Beef Month: Q&A with Nebraska BQA Coordinator Jesse Fulton

Jesse Fulton
Jesse Fulton is the Beef Quality Assurance State Coordinator for Nebraska. He lives in Scottsbluff, Nebraska with his wife Brittany and daughter Olivia.

May 23, 2023

Editors note: The largest segment of Nebraska’s agriculture industry is beef production. It powers the state’s economy and has an unmistakable impact on almost everyone in Nebraska. In honor of beef month, the Institute of Agriculture and Natural Resources at the University of Nebraska-Lincoln is sharing a series that will feature people, places, and research that are a cornerstone of Nebraska’s land grant mission.  

Lincoln, Neb. —Jesse Fulton is the Beef Quality Assurance State Coordinator for Nebraska. He lives in Scottsbluff, Nebraska with his wife Brittany and daughter Olivia.   

Talk about your role as director of Nebraska Beef Quality Assurance.   

My primary role as the Director of the Nebraska Beef Quality Assurance (BQA) is to coordinate the BQA program within Nebraska. In Nebraska, we allow practicing veterinarians and beef extension educators to host and conduct BQA trainings. Because of this, we have a robust trainer network of over 120 trainers. I assist these trainers in event promotion and BQA certificate management. I also conduct nearly 30 BQA trainings statewide each year that are open to the public and other additional beef programming. Finally, I attend many meetings nationally as a participant or invited speaker representing Nebraska BQA. In my opinion, this is probably the most important part of my position because I ensure Nebraska BQA (i.e. Nebraska producers) are represented at the table or in the “know” when important issues are discussed that may impact them.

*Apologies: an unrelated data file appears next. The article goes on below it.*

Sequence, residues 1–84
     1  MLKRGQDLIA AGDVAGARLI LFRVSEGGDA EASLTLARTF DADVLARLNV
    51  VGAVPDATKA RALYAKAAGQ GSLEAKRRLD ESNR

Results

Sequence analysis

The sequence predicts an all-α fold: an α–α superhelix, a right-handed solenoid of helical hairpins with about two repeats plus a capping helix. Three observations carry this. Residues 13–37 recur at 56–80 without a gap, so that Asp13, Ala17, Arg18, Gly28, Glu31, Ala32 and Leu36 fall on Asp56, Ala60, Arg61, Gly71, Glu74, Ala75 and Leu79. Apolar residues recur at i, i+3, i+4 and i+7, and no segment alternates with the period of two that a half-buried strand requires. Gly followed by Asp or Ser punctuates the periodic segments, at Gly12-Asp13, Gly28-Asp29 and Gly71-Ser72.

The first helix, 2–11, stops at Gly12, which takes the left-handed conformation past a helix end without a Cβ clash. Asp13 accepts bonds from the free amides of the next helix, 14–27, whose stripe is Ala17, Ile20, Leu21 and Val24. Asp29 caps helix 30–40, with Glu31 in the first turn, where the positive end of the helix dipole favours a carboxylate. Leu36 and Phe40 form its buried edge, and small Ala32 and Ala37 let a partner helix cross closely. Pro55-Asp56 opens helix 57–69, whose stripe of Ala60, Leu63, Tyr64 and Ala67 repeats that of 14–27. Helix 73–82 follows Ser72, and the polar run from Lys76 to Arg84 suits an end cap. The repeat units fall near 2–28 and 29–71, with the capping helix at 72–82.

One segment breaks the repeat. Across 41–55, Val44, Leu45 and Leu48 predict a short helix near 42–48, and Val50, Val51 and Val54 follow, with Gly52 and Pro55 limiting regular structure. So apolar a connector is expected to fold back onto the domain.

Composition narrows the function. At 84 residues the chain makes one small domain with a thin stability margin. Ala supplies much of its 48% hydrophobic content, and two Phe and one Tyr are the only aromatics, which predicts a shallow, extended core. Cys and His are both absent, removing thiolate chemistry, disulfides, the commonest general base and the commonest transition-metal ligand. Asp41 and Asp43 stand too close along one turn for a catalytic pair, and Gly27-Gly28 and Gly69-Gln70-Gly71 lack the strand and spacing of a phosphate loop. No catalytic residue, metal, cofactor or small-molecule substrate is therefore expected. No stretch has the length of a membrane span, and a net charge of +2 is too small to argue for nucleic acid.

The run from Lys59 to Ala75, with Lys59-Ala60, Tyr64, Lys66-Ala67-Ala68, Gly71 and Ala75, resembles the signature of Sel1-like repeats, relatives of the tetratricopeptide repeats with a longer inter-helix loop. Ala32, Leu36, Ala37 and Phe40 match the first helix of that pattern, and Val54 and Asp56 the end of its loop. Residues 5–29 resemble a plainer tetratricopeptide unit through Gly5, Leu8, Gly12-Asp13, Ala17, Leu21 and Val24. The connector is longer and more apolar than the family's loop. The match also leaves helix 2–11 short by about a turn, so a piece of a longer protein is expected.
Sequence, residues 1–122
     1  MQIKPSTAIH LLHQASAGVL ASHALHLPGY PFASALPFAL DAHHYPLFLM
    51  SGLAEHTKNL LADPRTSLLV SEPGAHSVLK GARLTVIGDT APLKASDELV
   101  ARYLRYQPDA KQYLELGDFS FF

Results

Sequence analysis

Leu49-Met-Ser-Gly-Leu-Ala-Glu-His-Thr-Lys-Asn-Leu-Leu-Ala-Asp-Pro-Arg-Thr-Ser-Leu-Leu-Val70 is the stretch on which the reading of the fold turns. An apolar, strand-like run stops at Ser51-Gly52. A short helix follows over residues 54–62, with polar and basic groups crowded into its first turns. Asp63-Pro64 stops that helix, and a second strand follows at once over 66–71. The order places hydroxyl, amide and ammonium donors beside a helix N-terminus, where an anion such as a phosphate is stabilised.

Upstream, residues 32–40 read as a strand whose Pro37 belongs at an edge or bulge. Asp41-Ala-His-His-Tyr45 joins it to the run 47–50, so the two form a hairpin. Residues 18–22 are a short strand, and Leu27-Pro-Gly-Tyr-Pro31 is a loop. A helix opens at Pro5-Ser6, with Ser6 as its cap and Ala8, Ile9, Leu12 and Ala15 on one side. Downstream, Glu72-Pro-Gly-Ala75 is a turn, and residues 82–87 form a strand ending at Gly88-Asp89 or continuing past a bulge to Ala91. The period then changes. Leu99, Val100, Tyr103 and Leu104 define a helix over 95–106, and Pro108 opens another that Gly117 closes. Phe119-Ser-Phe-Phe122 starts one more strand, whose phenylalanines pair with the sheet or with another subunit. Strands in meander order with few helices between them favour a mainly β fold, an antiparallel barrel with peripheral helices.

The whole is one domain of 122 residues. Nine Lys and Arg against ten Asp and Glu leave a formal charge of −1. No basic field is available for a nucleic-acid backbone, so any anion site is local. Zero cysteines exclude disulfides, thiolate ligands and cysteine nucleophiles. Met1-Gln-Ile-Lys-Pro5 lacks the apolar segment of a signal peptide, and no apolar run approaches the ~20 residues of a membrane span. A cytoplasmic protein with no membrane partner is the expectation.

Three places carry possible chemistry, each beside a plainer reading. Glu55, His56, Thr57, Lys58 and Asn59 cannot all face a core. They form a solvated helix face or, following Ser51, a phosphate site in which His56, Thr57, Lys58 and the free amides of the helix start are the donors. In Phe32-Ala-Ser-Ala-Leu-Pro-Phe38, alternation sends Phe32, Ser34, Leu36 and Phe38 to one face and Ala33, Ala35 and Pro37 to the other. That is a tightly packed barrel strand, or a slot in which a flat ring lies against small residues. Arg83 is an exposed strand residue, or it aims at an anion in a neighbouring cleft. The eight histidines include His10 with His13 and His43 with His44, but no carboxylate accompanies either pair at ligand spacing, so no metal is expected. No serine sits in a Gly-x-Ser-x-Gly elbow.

You started in this role in early 2021. What initially drew you to this position at Nebraska, the beef state?